California passed affiliate nexus tax legislation yesterday (AB 153, AB 155 and SB 234). Effective July 1st, the new rule requires out of state retailers to collect sales tax on purchases made over the internet by their California click-through customers. California is the largest state to pass such legislation and now joins several other states with click-through nexus laws, including New York, North Carolina, Rhode Island, Illinois, Arkansas, and Connecticut. Many other states are considering similar bills.
Many legislators and traditional brick-and-mortar businesses believe the law is overdue since internet retailers have been given a competitive price advances for years by not having to charge sales tax. The bill is expected to generate an estimated $317 million a year in additional tax revenue to state and local governments.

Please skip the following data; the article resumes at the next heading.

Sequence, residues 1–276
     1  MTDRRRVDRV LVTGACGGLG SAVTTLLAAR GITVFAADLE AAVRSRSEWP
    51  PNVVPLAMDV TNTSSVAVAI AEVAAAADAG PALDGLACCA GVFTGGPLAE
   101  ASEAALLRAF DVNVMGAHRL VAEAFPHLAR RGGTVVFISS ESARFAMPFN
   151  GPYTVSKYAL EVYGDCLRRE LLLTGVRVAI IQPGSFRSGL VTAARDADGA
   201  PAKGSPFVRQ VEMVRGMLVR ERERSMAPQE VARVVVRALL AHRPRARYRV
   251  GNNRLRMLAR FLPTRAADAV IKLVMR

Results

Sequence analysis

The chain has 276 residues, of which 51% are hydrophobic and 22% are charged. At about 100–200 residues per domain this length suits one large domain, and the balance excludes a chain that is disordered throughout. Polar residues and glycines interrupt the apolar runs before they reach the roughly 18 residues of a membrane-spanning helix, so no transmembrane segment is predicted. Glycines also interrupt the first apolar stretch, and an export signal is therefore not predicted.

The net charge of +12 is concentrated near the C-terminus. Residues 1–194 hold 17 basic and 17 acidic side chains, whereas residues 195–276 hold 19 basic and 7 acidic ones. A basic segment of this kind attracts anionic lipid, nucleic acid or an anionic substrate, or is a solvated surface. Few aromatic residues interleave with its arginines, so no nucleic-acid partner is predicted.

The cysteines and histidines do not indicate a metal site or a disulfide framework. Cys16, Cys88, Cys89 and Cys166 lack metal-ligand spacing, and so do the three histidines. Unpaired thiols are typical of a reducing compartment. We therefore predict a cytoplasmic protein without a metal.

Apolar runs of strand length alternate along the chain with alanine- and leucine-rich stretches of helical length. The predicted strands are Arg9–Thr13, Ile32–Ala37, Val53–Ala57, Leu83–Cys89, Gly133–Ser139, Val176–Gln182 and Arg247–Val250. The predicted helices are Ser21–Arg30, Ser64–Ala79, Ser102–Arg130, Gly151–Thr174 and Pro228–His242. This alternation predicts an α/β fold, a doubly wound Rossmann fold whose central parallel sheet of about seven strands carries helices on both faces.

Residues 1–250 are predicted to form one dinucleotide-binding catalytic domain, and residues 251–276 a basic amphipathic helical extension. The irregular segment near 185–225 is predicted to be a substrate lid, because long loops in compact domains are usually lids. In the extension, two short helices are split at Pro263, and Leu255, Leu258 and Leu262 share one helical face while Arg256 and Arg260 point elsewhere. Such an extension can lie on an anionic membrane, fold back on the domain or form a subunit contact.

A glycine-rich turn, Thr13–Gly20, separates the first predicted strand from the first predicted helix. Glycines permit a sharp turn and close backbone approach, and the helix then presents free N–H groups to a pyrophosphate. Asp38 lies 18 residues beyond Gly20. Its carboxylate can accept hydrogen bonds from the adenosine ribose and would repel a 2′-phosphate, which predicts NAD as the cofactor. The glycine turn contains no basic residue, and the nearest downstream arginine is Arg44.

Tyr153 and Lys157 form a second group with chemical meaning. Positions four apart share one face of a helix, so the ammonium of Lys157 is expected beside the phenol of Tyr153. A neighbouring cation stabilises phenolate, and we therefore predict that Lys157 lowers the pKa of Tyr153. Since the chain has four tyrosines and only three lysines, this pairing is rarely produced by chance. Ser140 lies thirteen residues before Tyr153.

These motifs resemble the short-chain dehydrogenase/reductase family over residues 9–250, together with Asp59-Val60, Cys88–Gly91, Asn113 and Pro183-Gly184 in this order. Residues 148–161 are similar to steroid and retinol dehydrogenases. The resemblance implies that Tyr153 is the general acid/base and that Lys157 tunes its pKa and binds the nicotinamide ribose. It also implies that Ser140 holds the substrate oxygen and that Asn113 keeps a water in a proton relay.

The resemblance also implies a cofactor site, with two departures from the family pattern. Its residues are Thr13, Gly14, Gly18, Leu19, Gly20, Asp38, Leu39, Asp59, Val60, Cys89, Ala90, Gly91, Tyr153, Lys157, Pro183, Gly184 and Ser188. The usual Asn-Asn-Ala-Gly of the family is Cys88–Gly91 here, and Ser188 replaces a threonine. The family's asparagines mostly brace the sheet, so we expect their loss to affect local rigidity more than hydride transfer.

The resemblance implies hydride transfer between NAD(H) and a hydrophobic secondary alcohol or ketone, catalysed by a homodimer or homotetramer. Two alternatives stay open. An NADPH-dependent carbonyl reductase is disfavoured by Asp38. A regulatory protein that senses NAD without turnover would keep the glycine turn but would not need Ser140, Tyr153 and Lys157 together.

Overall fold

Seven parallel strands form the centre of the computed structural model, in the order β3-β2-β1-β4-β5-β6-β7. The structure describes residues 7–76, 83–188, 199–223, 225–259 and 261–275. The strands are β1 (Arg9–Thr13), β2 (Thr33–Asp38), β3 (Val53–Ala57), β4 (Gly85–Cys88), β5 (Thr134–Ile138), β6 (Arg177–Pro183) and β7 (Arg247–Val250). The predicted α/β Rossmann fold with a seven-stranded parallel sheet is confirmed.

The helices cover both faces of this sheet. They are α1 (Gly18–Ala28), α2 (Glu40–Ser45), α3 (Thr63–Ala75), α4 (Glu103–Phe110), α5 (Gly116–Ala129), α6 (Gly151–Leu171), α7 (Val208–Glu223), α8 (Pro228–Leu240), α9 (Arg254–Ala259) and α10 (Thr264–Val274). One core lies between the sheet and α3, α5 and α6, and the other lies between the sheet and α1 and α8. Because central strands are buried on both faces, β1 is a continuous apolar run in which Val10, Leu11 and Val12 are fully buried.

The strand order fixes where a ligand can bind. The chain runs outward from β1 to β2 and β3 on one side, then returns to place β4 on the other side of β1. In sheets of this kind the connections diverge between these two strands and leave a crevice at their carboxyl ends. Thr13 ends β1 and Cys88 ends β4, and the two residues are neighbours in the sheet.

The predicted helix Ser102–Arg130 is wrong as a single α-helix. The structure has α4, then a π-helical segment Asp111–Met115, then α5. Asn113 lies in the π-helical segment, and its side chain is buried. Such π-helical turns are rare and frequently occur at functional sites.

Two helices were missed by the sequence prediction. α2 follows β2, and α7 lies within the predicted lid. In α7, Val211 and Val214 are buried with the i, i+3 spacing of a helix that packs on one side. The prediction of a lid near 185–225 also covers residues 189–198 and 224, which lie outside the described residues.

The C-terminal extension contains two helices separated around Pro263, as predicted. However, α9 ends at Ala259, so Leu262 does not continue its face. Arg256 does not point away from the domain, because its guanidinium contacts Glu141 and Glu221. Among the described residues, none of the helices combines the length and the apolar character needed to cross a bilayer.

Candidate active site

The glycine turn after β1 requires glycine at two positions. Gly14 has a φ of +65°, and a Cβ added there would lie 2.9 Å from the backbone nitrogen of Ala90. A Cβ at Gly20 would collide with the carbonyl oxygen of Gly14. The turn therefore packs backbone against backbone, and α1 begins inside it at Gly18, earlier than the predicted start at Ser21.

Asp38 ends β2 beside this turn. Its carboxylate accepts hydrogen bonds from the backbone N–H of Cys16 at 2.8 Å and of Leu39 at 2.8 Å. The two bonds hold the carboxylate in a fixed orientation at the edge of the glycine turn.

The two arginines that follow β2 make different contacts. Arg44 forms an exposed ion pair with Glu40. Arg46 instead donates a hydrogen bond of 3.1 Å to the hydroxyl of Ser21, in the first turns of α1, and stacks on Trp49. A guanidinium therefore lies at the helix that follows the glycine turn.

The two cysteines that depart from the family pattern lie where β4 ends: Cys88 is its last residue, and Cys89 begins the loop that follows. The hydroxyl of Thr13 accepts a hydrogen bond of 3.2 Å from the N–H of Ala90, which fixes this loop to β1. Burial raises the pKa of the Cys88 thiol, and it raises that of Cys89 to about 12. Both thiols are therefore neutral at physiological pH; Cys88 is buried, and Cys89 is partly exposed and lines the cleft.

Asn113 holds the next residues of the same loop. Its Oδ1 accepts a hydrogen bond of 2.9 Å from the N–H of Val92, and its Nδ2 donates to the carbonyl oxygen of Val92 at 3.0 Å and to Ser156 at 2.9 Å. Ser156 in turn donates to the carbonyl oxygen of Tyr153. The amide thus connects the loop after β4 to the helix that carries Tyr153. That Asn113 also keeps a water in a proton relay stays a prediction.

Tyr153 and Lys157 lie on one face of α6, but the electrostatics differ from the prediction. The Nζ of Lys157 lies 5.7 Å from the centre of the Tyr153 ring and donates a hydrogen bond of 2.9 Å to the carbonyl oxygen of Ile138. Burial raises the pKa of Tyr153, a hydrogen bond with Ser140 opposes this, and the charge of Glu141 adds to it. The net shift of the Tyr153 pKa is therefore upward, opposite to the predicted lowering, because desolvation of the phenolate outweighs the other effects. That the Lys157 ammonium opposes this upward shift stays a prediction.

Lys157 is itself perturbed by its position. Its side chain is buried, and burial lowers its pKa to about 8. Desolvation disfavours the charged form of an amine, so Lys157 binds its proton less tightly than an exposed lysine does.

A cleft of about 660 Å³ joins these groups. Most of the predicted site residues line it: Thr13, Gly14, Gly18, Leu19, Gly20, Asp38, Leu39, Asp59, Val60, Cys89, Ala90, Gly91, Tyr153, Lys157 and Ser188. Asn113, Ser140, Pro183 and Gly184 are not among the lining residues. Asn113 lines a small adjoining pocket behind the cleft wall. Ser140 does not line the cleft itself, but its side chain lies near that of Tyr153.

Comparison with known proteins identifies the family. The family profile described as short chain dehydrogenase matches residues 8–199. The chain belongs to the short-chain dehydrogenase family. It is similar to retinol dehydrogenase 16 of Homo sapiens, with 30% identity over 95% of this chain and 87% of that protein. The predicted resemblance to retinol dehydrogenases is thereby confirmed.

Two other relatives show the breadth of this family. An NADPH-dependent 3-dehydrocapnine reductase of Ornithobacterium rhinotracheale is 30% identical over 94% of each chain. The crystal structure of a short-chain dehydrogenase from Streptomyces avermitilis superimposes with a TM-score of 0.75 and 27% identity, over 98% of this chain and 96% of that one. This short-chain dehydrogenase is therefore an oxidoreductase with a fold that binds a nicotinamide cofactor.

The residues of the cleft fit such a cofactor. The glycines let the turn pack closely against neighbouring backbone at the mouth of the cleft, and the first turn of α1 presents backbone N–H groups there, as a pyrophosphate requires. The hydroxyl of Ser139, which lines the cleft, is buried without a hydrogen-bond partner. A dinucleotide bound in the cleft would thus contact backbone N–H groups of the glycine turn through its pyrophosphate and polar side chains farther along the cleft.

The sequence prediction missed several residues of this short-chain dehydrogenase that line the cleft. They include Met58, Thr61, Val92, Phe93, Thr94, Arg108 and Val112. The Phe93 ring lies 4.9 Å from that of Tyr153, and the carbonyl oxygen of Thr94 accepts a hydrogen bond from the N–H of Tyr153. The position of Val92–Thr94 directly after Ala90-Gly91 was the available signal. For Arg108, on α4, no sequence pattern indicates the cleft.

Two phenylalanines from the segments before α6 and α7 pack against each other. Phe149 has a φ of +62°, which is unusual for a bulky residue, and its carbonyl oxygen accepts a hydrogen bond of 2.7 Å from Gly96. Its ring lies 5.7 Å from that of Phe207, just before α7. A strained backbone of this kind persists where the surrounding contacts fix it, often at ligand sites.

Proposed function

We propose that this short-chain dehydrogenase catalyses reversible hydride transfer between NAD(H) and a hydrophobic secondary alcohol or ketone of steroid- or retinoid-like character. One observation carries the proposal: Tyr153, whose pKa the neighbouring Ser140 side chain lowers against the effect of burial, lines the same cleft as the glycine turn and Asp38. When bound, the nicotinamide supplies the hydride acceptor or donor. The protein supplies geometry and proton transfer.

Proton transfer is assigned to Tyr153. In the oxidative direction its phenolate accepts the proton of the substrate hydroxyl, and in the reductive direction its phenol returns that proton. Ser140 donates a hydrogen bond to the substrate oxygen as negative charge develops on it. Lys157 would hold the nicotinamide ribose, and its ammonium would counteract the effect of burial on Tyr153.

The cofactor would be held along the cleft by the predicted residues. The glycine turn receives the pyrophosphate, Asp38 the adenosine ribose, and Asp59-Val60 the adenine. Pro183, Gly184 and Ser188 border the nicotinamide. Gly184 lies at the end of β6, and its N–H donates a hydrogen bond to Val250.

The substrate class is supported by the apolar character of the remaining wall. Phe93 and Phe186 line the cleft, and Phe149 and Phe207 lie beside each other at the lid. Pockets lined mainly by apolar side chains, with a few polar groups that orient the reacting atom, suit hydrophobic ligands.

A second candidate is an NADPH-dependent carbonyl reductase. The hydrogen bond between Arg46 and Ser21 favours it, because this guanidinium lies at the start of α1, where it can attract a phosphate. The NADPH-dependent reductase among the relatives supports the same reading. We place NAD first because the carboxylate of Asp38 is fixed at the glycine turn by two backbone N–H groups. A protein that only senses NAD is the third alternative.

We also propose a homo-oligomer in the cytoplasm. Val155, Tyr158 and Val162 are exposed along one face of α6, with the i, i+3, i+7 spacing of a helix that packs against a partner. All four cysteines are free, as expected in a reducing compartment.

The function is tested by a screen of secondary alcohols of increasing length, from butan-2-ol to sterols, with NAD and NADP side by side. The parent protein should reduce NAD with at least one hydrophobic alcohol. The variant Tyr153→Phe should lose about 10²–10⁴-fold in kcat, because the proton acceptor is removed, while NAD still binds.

Amazon has already told its 25,000 California marketing affiliates that they will stop paying commissions for referrals to California customers. Amazon has stated that it opposes such legislation on the grounds that it is unconsitutional and counterproductive. Amazon has challenged a similar law in New York and that case is still pending in the New York courts. At this time, it is not clear whether Amazon intends to challenge the California law.
On a separate note, California’s sales tax decreases by one percent to 7.75% on July 1st.